(Bloomberg) -- Moldova plans to simplify its tax system in an effort to haul one of the poorest countries in Europe out of an economic crisis brought on by the war in Ukraine, the nation’s economy minister said.
The changes, including a rewrite of corporate law to increase transparency and a bid to raise revenue by eliminating most existing tax exemptions, will be pushed through by July, Economy Minister Dumitru Alaiba said. A central part of the effort will be to integrate Moldova’s sprawling informal economy, a swathe of unregulated activity that Alaiba says makes up more than two-fifths of output.
“The war in neighboring Ukraine has eaten up our economic growth and we need to recover very fast,” Alaiba said during an interview from his office in Chisinau last week. Regulating the “gray economy” is key, he said, because “half of our economy doesn’t react to any measures we take.”
A former Soviet republic of 2.6 million wedged between Romania and war-battered Ukraine, Moldova has endured a devastating banking crisis, the presence of Russia’s military in a breakaway region, crippling energy blackouts and an alleged plot by the Kremlin to topple the government.
But under pro-European President Maia Sandu, Moldova has secured candidacy status from the European Union and aims to become a member by 2030. Sandu told Bloomberg last month that she’s confident accession will happen with its breakaway Transnistria region despite Russia’s occupation.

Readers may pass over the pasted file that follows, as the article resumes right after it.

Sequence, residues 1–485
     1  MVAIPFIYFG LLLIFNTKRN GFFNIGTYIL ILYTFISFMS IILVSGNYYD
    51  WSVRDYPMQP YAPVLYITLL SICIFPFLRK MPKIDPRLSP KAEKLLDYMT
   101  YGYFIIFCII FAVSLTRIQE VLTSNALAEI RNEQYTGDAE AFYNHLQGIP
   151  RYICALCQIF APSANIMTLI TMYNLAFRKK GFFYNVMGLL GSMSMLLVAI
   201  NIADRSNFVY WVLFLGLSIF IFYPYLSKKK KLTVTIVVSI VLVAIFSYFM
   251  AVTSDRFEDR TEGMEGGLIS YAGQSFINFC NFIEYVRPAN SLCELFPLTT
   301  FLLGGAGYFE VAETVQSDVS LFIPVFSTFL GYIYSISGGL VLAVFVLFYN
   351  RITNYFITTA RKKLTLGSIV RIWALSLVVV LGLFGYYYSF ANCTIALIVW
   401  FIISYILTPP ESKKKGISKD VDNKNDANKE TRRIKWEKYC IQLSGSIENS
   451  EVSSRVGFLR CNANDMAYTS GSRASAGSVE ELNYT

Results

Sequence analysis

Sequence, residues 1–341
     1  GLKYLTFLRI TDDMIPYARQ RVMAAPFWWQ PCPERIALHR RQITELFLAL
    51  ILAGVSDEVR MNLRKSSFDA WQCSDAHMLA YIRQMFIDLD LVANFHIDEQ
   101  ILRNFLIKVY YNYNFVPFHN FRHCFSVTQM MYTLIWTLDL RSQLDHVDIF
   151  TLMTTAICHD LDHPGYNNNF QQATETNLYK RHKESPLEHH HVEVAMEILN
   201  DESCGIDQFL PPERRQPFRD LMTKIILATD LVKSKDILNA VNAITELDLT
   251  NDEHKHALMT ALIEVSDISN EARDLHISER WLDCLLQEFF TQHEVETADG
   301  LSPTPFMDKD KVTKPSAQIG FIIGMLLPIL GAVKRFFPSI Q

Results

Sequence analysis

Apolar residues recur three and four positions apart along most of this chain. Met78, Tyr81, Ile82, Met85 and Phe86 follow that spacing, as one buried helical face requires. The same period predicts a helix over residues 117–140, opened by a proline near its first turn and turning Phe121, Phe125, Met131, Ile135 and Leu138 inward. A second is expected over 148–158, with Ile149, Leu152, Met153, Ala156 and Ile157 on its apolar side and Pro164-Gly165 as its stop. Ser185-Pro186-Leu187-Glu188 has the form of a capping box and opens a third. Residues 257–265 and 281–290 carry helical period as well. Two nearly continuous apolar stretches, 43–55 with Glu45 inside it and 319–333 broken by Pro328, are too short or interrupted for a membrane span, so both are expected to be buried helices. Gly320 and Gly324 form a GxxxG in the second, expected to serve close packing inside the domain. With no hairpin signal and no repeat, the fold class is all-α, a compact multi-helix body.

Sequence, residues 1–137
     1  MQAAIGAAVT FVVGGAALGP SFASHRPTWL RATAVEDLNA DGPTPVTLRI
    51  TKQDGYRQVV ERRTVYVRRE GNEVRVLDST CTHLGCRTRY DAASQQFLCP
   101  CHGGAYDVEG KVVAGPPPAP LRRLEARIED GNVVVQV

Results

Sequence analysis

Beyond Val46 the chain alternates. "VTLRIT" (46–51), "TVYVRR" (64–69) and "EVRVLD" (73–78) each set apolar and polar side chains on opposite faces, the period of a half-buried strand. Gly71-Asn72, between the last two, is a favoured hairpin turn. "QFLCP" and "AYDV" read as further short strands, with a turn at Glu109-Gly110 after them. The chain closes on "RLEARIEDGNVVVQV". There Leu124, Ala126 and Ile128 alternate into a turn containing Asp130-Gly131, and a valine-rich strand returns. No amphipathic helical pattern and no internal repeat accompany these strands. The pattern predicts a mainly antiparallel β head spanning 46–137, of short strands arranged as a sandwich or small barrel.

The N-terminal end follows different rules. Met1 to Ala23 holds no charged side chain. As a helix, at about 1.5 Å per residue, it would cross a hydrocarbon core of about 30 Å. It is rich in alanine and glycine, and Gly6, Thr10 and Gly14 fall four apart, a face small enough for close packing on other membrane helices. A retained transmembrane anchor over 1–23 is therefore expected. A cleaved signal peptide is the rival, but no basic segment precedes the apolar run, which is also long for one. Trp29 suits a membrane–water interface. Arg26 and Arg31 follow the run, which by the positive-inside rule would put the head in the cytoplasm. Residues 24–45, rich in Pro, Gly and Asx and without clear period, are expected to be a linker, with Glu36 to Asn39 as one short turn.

For the economy, it will mean drawing investors with the “simplest fiscal system,” Alaiba said, shaking off a legacy of bank fraud and money-laundering scandals. The minister said the government also plans to reduce bureaucracy and follow Estonia’s example of digitalizing most public services, such as paying taxes and obtaining paperwork.
The path will be a long one for Moldova, whose gross domestic product shrank almost 6% in 2022 to about $15 billion, erasing half of the 14% growth recorded the previous year. Inflation topped 30% last year, significantly eroding purchasing power. Alaiba predicts growth will rebound this year — but it won’t be “spectacular” as hardship persists.
The planned measures will aim to unleash double-digit economic growth over the next decade, a necessity for Moldova to increase living standards and converge with EU neighbors to the west.
“We can’t afford growth of 2%-3% to get out of poverty,” Alaiba said.
Sandu wants to kick off EU negotiations as early as this year, but doing so will mean meeting EU requirements on reforming the judiciary and strengthening institutions. Moldova has been struggling to recover from a $1 billion case of banking fraud in 2015 that left the tiny nation on the verge of bankruptcy.
Since then, the central bank has teamed up with organizations such as the International Monetary Fund to help clean up the banking sector and strengthen supervision to prevent similar incidents.
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